Diabetes

All diets rich in vegetables are not created equal. Sure, you can make the commitment to a vegetarian or vegan lifestyle, but a plant-based diet can be as simple as having a meatless meal once or twice a week according to Atlantic Health System nutritionists. If that still seems daunting, try preparing dishes with a smaller piece of beef or pork and larger portions of leafy greens. Experiment with different methods of cooking, such as grilling or roasting, to enhance texture and unlock flavors in fruits and vegetables you once thought unappealing. Read more and find a healthy quesadilla recipe >



Diabetes Programs and Screenings

Education and prevention can keep you and your loved ones healthy. We invite you to take advantage of the programs, support groups and screenings available. Adults 65 and older who are looking to stay well with age may benefit from events labeled “New Vitality.”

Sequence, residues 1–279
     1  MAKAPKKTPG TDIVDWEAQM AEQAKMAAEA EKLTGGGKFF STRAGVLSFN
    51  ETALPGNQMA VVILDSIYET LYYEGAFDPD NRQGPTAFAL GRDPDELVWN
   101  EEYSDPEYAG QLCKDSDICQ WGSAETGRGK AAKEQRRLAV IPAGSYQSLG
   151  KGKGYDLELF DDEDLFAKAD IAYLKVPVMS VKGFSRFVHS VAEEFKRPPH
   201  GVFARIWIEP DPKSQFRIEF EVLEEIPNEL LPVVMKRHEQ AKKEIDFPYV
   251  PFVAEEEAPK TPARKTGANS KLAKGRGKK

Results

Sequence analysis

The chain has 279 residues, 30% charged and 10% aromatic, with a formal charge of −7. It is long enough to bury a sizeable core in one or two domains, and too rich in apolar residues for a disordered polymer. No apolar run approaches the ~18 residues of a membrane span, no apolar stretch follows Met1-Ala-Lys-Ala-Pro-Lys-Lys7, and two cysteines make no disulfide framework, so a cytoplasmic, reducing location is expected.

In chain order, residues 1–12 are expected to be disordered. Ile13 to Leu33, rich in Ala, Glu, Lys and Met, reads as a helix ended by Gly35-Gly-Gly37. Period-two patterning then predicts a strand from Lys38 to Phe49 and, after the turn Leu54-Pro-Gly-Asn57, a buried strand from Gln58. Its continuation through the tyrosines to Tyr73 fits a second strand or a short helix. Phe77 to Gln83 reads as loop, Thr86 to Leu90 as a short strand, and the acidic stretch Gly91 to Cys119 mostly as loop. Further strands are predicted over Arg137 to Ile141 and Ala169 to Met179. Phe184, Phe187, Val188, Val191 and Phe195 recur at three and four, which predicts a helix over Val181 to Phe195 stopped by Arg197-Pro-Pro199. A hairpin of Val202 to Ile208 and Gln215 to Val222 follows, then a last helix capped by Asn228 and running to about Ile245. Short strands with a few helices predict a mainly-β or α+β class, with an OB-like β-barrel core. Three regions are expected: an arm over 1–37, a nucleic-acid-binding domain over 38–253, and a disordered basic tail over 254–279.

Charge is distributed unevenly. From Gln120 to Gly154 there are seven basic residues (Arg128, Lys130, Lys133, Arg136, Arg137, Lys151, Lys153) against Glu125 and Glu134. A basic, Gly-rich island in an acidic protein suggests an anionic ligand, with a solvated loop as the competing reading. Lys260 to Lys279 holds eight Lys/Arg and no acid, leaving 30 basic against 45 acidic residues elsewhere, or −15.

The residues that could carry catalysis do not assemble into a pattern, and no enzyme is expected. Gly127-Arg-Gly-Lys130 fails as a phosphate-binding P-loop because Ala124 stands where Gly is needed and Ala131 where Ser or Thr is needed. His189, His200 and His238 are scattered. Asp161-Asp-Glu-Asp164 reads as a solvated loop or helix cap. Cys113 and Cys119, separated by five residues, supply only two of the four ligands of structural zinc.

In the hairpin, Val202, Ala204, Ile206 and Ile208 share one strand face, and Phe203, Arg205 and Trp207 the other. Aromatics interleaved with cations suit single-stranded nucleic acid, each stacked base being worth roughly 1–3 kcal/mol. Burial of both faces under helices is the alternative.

New Vitality: Diabetes Myths and Facts
Discover the truth behind common diabetes myths and see how you can make smart choices without giving up all your favorite foods.
Thursday, August 1; 7:00pm
Atlantic Health Pavilion, First Floor Conference Room
242 West Parkway, Pompton Plains, NJ
For more information and to register, please call 1-844-472-8499.
 
Diabetes Education and Support Group
Diabetes patients can receive mutual education and encouragement.
  • First Thursday of every month; 10:00 to 11:00am
  • Third Wednesday of every month; 7:00 to 8:30pm
Atlantic Health Pavilion, 242 West Parkway, Pompton Plains, NJ
For more information, please call 973-831-5229.
 
Diabetes Self-Management Education Program
For more information or to schedule an appointment, please call 973-831-5216



Diabetes Articles
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AHA News: Why Are Women With Diabetes at Greater Risk for Poor Heart Health?

TUESDAY, May 14, 2019 (American Heart Association News) -- Diabetes can be a risk factor for heart disease – but for women, the condition can lead to worse outcomes than for men.

The statistics are striking: Compared to their male counterparts, women with diabetes have a twofold increased risk of heart disease. They're also more likely to have heart attacks earlier – and ones that are fatal.

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